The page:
Sunday, April 19, 2009

Money, Honey

So we've all know about J.K. Rowling and Dan Brown, the gold-rush phenoms who struck it rich seemingly overnight (emphasis on seemingly). Some of us have sat in workshops or attended signings at which the presenter was introduced as having X million books in print and done a little royalty math in our heads. There are success stories out there and, oh, what successes they are. We hear them and our agile imaginations place us on our private yacht in the South Pacific, plunking idly away at a book we certainly don't need to write for financial reasons and generally having a smashing good time.

But the reality for most of us is more accurately represented by the immortal words of Macaulay Connor, the struggling writer turned reporter from The Philadelphia Story (arguably the best movie of all time, and by arguably, I mean that you can argue with me, but you would be wrong). Connor, in a moment of brilliance says, "You know, that book of mine represents two solid years' work and it netted Connor something under six hundred dollars." Tracy's reaction to those words couldn't be truer: "But that shouldn't be!" And yet, it is. Allowing for inflation over the last seventy or so years, those numbers seem about right.


Don't believe me? Brenda Hiatt debunks the Publishing Your Book = Winning the Lottery myth on her website by posting anonymous information on how much authors in the romance genre are really making these days. There is a wide variety, but the average numbers might surprise you. http://www.brendahiatt.com/id2.html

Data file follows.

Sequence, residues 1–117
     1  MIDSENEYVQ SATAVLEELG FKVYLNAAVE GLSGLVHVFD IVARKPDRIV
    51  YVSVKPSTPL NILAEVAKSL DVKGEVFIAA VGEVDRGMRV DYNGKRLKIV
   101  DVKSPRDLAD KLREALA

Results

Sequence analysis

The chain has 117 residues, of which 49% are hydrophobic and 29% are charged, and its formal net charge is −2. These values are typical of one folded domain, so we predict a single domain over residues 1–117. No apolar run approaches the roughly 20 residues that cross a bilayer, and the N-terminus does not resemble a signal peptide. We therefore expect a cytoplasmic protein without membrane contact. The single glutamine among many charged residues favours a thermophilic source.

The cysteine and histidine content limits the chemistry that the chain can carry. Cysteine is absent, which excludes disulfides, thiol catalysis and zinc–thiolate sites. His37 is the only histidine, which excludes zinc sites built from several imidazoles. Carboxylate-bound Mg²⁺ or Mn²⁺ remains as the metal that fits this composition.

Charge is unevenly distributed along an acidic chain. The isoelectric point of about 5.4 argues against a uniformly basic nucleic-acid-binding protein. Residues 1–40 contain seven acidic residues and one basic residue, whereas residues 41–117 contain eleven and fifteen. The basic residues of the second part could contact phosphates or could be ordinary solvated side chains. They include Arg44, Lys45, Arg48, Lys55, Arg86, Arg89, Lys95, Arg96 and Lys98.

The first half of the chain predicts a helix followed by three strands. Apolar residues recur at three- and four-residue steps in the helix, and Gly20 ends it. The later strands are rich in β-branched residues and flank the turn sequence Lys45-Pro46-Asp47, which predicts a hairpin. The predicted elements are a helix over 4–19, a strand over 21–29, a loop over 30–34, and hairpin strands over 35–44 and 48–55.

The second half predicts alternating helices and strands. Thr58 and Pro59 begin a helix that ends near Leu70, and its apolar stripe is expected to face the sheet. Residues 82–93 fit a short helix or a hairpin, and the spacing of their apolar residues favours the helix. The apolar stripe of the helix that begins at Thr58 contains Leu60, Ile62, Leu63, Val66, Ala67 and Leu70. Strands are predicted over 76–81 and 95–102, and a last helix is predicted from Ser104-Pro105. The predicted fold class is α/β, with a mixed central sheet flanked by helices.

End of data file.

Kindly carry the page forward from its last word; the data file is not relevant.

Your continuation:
Think it's only the debut or midlist authors who are rubbing pennies together? New York Times Bestselling author Lynn Viehl demystifies the earnings of a bestselling novel in this blog post: http://www.genreality.net/the-reality-of-a-times-bestseller. (And I cannot thank her enough for being so forthcoming. Where did this stigma against copping to the financial realities of life as an author come from? Are we trying to foster an illusion of wild success in some misplaced positive thinking? Or is it that they - whoever they are - think we won't put ourselves through the emotional rollercoaster of publishing if we don't have the mega-millions dreams to spur us on? Trust me; most of us would write anyway. We are writing junkies. We don't do it for the money. Which isn't to say we would turn down money...)

So how is a writer to make a living at this nasty biz?

One alternative to starvation is to be fiendishly prolific. Write like a mad thing (maintaining a high quality, of course) and publish enough books a year to wallpaper the palace at Versailles.

Option two is to marry well - I am in a small minority of romance writers who are not also loving wives and carpool mommies. And I am wildly jealous of them for their bringing-home-the-bacon-hubbies (although admittedly, I have exponentially more time to devote to my writing since I am not tasked with taking care of anyone but myself).

The third tried-and-true technique is to be lucky. Really, really lucky. And talented. And determined. And lucky. And skilled. And... did I mention luck?

Option four... well, I'm still looking for a fourth option that doesn't include a forty hour week in the accounting department. That is where I am stuck at least until my “patron lady bountiful” comes along. Suggestions?

2 comments:

none said...

Suggestion: Old, rich dude.

Kelly

Vivi Andrews said...

Why does it have to be an old rich dude? We don't discriminate against the young and unnaturally wealthy.